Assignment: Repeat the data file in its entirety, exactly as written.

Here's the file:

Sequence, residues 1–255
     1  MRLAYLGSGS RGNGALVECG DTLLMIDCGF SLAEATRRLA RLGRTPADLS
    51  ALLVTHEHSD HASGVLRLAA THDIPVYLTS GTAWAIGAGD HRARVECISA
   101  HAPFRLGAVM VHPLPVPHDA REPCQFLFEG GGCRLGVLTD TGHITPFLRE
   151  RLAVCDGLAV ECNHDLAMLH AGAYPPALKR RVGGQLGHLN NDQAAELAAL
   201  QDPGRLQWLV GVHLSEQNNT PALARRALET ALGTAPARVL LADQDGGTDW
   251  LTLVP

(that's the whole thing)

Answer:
Sequence, residues 1–255
     1  MRLAYLGSGS RGNGALVECG DTLLMIDCGF SLAEATRRLA RLGRTPADLS
    51  ALLVTHEHSD HASGVLRLAA THDIPVYLTS GTAWAIGAGD HRARVECISA
   101  HAPFRLGAVM VHPLPVPHDA REPCQFLFEG GGCRLGVLTD TGHITPFLRE
   151  RLAVCDGLAV ECNHDLAMLH AGAYPPALKR RVGGQLGHLN NDQAAELAAL
   201  QDPGRLQWLV GVHLSEQNNT PALARRALET ALGTAPARVL LADQDGGTDW
   251  LTLVP